And we start to see the significance of a witch who can't speak or perform or sing – not only in terms of self-worth and gender issues, but sexuality as well. The brief glances shared between the two women in a group of people are enough to suggest they both share a secret bond. Tara scrutinizes the magic book Spells of Speech and Silence while writing down Willow’s room number – a sign that silence actually can signify a world of emotion. Tara leaving her room to look for Willow is significant – she looks behind her wistfully as she ventures fearfully into the unknown - a metaphor for making the first step out of the closet.

    And this is proven as soon as they meet with the Gentlemen in pursuit – Willow cannot move the soda machine by herself to block the door, but once Tara makes the first move and holds her hand, their combined power manages to do the impossible.

    At this point, Willow and Tara seem to be at the same level of magical power. Tara admits that she’s always known she was different – and she can see the same in Willow. And there’s a bit of hero-worship of Willow here – something that Willow has rarely felt and it touches her deeply:

    WILLOW: So how long have you been practicing?
    TARA: Always. I mean, since I was little. My mom used to – she had a lot of power. Like you.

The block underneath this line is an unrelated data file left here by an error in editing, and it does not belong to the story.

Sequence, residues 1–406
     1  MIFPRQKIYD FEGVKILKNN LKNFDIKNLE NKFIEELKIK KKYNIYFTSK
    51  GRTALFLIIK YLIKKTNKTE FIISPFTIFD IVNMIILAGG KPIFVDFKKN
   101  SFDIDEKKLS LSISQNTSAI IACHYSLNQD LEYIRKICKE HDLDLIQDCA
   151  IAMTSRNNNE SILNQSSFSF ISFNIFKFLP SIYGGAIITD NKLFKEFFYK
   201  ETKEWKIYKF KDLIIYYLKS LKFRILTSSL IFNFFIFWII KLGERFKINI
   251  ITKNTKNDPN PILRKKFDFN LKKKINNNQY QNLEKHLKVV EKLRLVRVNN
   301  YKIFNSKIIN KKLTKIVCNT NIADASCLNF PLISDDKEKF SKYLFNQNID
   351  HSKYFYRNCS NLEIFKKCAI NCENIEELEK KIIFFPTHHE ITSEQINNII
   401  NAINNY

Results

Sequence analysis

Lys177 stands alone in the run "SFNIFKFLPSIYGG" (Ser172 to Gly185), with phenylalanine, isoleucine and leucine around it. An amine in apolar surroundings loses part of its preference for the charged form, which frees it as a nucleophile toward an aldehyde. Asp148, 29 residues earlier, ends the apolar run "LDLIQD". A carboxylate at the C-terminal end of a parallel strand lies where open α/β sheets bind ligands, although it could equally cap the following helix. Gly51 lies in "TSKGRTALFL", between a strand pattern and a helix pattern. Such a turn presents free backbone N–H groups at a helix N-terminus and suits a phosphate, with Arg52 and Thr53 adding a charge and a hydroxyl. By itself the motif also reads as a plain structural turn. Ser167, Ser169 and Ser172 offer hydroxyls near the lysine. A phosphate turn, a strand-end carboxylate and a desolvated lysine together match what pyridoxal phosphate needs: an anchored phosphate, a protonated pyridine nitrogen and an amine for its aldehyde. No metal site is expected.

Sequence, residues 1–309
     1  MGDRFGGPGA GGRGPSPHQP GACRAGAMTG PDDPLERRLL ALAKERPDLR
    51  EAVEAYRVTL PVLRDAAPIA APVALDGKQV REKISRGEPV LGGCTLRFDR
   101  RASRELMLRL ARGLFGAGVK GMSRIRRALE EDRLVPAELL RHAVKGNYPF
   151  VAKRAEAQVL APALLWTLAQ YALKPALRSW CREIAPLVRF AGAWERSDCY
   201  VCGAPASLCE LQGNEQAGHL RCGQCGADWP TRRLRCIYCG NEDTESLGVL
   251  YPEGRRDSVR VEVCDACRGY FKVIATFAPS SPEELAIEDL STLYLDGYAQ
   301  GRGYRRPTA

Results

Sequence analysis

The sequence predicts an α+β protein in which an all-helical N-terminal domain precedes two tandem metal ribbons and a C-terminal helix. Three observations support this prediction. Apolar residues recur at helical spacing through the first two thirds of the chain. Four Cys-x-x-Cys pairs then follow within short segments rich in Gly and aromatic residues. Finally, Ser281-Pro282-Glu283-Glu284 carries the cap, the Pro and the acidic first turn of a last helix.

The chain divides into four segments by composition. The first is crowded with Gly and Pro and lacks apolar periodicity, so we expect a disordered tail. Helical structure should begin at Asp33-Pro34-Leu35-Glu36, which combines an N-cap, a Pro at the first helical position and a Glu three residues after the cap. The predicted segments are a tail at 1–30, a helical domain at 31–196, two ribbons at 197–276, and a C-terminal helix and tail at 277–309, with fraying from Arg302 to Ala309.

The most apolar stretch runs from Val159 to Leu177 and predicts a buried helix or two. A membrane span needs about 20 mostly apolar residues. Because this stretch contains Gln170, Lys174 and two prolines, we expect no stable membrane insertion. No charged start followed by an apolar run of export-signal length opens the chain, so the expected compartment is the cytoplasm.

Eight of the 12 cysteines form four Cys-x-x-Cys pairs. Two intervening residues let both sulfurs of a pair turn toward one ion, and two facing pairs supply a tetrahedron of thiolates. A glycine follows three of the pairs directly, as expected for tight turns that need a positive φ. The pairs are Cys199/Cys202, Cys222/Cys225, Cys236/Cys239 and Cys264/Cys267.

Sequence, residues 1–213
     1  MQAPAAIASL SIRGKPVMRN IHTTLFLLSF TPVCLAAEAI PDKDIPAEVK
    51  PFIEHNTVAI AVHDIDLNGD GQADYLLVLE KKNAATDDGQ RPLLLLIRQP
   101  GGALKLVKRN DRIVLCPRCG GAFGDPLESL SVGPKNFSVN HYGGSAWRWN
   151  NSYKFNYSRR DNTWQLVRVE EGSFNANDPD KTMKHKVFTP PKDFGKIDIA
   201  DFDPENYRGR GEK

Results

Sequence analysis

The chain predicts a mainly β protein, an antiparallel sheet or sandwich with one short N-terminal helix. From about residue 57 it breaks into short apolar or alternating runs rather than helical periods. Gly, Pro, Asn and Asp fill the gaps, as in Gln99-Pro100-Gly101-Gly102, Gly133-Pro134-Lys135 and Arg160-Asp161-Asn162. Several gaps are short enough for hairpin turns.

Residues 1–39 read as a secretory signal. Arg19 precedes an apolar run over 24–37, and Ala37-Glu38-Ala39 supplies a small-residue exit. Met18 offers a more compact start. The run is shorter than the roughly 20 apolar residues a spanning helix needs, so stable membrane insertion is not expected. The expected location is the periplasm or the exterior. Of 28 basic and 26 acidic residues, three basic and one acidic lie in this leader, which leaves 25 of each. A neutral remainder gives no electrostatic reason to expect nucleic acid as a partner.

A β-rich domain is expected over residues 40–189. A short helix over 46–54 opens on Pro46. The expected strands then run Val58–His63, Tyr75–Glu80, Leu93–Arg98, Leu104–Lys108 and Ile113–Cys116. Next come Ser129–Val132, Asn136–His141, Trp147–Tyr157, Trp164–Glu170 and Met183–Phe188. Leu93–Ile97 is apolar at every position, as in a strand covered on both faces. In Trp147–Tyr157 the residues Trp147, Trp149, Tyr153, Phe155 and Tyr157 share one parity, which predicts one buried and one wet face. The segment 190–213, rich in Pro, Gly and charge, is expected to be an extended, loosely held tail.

WILLOW: I don't have much in the way of power, really, I mean most of my potions come out soup. Besides spells going awry, friends in danger -- I'm definitely nothing special.
    TARA: No, you are. (Hush)
    As they begin to perform spells together, it’s hard to say when their magical meetings turned into romantic trysts due to network skittishness. But such understated development makes sense – the discrete signals and quiet whispers with Tara are a marked contrast to the outspoken Willow who grows more confident in her powers with each passing day.

    Willow's growing division within is only intensified by the deliberate separation of her quiet world with Tara from that of her chatty friends. When Willow visits Tara for “spell” time – a euphemism for both Willow’s growing skill with magic and romantic interest – we see how Willow explores her inner turmoil without telling Buffy or Xander. She feels she can help the gang by sharpening her skills and also find emotional solace with Tara – it’s a double bonus – even as Tara fears that Willow is more interested in spell-casting than her: